Green farming policies should reduce poverty in developing countries
Green agricultural policies in developing countries must be carefully designed to reduce poverty, according to a new report published today (26 January) by the Grantham Research Institute on Climate Change and the Environment at London School of Economics and Political Science.
The study of 24 projects in 17 countries shows that poorly designed projects offering no choice for farmers can conflict with efforts to reduce poverty. Some green agricultural projects are even shown to have increased levels of poverty.
The authors of the report, Dr Stefania Lovo, Dr Mintewab Bezabiah and Gregor Singer, find that poorer households are more likely to adopt green agricultural policies if they are able to choose those policies best suited to their personal circumstances.
For instance, the successful N’hambita Community Carbon Project in Mozambique allows participants to choose from agroforestry options including tree planting, orchards or intercropping. Similarly, the Silvopastoral Ecosystem Management Project in Nicaragua had a considerable number of poor people taking part, likely because participants could choose from schemes of varying costs.
Dr Stefania Lovo says: “‘Take it or leave it’ initiatives risk undermining efforts to reduce rural poverty in the developing world. More effective green agricultural policies need to take account of local knowledge, given the range of sensitive economic, social and cultural factors that exist.”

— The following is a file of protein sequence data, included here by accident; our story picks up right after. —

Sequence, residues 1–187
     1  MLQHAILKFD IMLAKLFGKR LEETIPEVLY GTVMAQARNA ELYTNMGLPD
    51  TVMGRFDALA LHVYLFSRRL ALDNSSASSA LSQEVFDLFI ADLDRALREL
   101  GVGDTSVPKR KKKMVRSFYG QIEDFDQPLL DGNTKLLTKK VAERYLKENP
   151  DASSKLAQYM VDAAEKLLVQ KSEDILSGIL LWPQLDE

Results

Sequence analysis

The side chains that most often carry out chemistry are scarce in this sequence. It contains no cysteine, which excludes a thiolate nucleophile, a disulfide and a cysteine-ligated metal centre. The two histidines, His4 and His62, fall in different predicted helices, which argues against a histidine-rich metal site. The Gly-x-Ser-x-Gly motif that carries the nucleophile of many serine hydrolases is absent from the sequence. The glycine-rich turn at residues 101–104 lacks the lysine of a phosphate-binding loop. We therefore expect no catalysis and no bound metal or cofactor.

“Allowing poor farmers to choose from a range of available green agricultural initiatives has the benefit of helping bypass local barriers – such as land rights, availability of credit and labour constraints – that governments and NGOs are often unable to overcome.” The report outlines how green agricultural policies can be designed to help developing countries shift to low-carbon economies and also reduce poverty. It identifies a number of barriers that prevent poor farmers from participating in green initiatives.
For instance, the report finds that uncertainty and risk are major barriers to improved agricultural practices and that insurance schemes can help farmers share risk with one another. However, none of the 24 projects analysed provided an insurance scheme for participating farmers.
Dr Mintewab Bezabiah says: “Green agricultural policies can achieve their aims of environmental conservation and reduce poverty at the same time, but only if some issues are properly addressed.”
“The lack of insurance schemes is an obvious oversight. If farmers from poorer households in the developing world take part in initiatives aimed at conserving the environment, they need to be assured that the welfare of their households will not be worse off as a result.”
The report on ‘Green agricultural policies and poverty reduction’ was produced as part of the Grantham Research Institute’s programme on ‘Growth and the economy’, sponsored by the Global Green Growth Institute.
NOTES FOR EDITORS
1. The Grantham Research Institute on Climate Change and the Environment (http://www.lse.ac.uk/grantham) was launched at the London School of Economics and Political Science in October 2008. It is funded by The Grantham Foundation for the Protection of the Environment (http://www.granthamfoundation.org/).
2. Based in Seoul, Global Green Growth Institute (GGGI) is an intergovernmental organisation founded to support and promote a new model of economic growth known as ‘green growth’. The organisation partners with countries to help them build economies that grow strongly and are more efficient and sustainable in the use of natural resources, less carbon intensive, socially inclusive and more resilient to climate change. GGGI’s experts are working with governments around the world, building their capacity and working collaboratively on green growth policies that can impact the lives of millions. More information about the Global Green Growth Institute can be found at: http://www.gggi.org/